If everything you publish about yourself as a professional–and that includes your resume, cover letter, LinkedIn profile, and more–makes you sound pretty much like hundreds or thousands of other people…your brand is not a brand. It will not make you stand out to prospective employers as a promising candidate for the job you want. Without finding a clear way to distinguish yourself and convey your desirable value to those employers, you will blend in with your competition the way trees blend into a forest–at least, they do if they are basically all the same kind of tree.
Brand Differentiation, Not Cliches
In a recent article called “Passionate, Creative Thinker Seeks Job: How to Fix a Personal Brand That’s A Total Cliche,” author Nacie Carson points out just some of the terms people use to describe themselves that have become meaningless cliches. “Everyone is a passionate, hard worker and creative thinker.” Carson then offers a bad news-good news take on the problem. “It’s hard to truly establish competitive differentiation when you share the same brand descriptors as a thousand of your closest competitors. But there’s hope for your generic professional brand. Those very same overused terms can be as a starting point for developing a deeper, more accurate, and more memorable brand differentiation.”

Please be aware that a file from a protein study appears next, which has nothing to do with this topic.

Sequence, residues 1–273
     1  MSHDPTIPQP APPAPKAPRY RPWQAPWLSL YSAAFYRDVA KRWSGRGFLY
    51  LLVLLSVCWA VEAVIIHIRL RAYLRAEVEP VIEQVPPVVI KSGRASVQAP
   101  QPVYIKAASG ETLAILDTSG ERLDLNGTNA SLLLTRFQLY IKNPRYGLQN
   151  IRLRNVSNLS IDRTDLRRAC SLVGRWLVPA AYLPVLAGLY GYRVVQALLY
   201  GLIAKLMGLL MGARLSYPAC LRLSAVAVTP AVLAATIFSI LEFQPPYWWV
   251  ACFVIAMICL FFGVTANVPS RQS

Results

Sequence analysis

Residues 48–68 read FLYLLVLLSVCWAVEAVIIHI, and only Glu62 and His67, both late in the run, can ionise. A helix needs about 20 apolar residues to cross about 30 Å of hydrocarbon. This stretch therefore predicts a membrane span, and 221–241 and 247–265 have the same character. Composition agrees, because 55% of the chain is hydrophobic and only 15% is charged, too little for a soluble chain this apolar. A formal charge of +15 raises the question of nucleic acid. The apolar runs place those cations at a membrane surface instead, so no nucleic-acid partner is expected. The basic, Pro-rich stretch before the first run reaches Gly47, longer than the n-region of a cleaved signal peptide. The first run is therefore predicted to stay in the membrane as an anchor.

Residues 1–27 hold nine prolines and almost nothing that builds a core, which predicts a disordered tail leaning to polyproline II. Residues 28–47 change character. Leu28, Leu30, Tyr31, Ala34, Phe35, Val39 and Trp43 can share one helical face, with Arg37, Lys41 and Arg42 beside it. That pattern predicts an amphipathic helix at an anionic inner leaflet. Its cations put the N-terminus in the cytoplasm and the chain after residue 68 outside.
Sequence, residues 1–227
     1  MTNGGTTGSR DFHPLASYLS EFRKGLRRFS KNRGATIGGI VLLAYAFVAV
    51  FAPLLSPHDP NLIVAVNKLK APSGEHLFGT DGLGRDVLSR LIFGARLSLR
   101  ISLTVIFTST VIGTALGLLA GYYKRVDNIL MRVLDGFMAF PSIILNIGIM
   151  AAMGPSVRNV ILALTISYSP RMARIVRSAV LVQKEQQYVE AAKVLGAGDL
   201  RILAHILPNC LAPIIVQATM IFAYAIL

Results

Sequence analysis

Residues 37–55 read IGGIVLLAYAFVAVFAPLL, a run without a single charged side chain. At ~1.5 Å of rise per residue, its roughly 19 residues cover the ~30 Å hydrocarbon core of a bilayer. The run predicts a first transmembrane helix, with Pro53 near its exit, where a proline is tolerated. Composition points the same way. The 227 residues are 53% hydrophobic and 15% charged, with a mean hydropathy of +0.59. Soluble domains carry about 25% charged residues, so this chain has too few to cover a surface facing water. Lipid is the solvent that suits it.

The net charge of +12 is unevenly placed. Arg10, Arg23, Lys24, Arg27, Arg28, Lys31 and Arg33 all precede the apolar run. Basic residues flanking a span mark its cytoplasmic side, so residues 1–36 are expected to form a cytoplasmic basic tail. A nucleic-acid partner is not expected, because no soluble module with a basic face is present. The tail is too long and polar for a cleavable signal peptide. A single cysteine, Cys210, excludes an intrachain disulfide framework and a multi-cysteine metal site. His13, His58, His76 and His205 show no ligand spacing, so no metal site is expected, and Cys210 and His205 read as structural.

Carson’s solution for cliched brand descriptors that make your brand a cliche is to use a “why chain.” The solution is to “start with a statement about yourself as a professional using one of your current descriptors, like ‘I am an excellent communicator,’ and then ask yourself ‘Why?’ Why are you an excellent communicator?” Whatever your answer to that is, you need to drill deeper and ask why and keep asking why until you reach the essence of your competitive differentiation. Of course, as Carson makes clear, just defining your descriptors more clearly is only part of the battle. You need to make sure your actions match the brand and communicate it compellingly.
What Your Resume & Other Job Search Tools Can & Can’t Do
If you have a strong, well-defined brand in your head, you want to make sure it’s reflected appropriately in your job search tools (aka career marketing documents and the like). You can’t fall back on the lazy man’s (or woman’s) answer, which is to load up your resume, cover letter or LinkedIn profile with phrases that don’t present your brand in a way that will catch the attention of employers. Even an otherwise good resume can’t overcome a poorly defined brand or one that’s not well communicated–in other words, if you’ve done great things for employers that could reinforce your unique brand, those contributions need to be presented clearly and consistently in line with your brand.
I “preach” this to clients all the time–or so it seems. I don’t want them to have me manufacture good points about them in their materials. I do want them to think hard about what it is that makes them special…and especially valuable to employers. I believe everyone has at least some of this. Sometimes they just have to dig a little deeper to find it and bring it out.